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When Scottish boy Jay saves Indian girl Geena's life, sparks fly. At first they keep their relationship a secret, but soon the cross cultural romance comes under the eyes of their disapproving families. Modern London, colorful Bollywood, and '60s R&B flavors blend in this tale of forbidden love.Written by
So there I am in Blockbuster, trying to decide which movie I want to see when I head on over to the foreign film section. Being burnt out on the teenage-market oriented films over the last fifteen years I'm hoping that the other six continents on the globe can offer good old fashioned mature film making (yes, I'll even include Antarctica ... maybe there's some U.S. Army research type trying to make the next "March of the Penguins" with a camcorder).
I perused the section, grabbed one title that won Cannes, another that Ebert raved about, then scrunch my lips as I examine the respectable (though somewhat limited) selection of foreign films. I see a plain white Blockbuster DVD case with "Bollywood Queen" written in plain black letters. I grab it, read that small dozen-word "paragraph" describing a small indy film, then shrug and head to the cash register.
When I get home I popped the thing in my player, began to watch it anticipating on popping in one of the other DVDs into the machine, but instead was captivated by a magical film making style.
"Bollywood Queen", as the title suggests, leans towards the Indian musical genre, but it isn't strictly a musical in the Bollywood sense. It is an existential homage and tribute to the genre, and an attempt to introduce it and rework it for a larger movie going audience who can appreciate good film making.
The classic Romeo and Juliet story is played out in this modern Londoner update. The two families in question are from different sides of the tracks and different cultural backgrounds. The young-hearts must overcome obstacles including, but not limited to, traditional family politics, racial prejudices, and criminality from both families to set themselves free. There's been some complaint by viewers of racial stereotyping. This is entirely incorrect, as the baser elements of society are not limited to any racial segment, but cut across both prevalent groups in the film.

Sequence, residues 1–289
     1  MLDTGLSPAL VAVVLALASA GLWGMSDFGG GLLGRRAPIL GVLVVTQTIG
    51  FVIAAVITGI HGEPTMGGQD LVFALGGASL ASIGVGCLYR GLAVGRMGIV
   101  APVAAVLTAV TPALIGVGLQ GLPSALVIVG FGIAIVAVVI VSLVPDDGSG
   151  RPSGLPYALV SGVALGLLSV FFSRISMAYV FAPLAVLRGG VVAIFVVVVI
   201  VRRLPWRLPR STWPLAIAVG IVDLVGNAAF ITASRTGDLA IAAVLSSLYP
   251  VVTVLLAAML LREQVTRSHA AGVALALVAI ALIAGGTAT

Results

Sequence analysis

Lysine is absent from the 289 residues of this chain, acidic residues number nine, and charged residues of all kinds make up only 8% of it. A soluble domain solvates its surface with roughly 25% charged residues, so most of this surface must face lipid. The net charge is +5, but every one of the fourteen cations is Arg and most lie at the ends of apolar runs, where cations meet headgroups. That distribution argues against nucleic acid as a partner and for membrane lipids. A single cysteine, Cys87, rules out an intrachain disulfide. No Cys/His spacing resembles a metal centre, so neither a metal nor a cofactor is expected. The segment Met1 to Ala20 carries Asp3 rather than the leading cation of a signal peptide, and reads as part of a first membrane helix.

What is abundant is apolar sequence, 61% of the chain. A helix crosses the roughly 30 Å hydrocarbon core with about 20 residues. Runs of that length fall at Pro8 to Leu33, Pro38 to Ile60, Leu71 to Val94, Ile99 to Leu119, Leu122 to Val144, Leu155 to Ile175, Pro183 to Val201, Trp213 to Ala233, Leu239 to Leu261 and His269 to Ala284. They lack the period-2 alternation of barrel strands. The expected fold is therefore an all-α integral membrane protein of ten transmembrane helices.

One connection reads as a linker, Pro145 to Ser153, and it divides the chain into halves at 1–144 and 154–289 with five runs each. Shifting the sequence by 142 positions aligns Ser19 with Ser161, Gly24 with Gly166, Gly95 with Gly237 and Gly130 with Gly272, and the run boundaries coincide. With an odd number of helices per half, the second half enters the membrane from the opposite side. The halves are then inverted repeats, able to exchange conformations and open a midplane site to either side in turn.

Interspersed within this drama are of course the musical numbers. They're there more for paying tribute and to enhance the overall surrealism that is the film's predominant theme. They're not huge lavish numbers one might expect from a golden age Hollywood production, but nor are they ridiculously kampy fare so prevalent in Bollywood offerings. They're brief, heartfelt, and to the point, but also a pleasure to listen to.
The acting is very respectable and solid, though no Oscars will be won here, as was the intent. Humor, romance, intrigue and drama are mixed and balanced, but not overplayed. Director Jeremy Wooding and his cast definitely knew what they were doing as they create a warm world in which viewing couples can get pleasantly lost in for 90 minutes.
Definitely a good couples film, or a film for anyone who likes good independent features.
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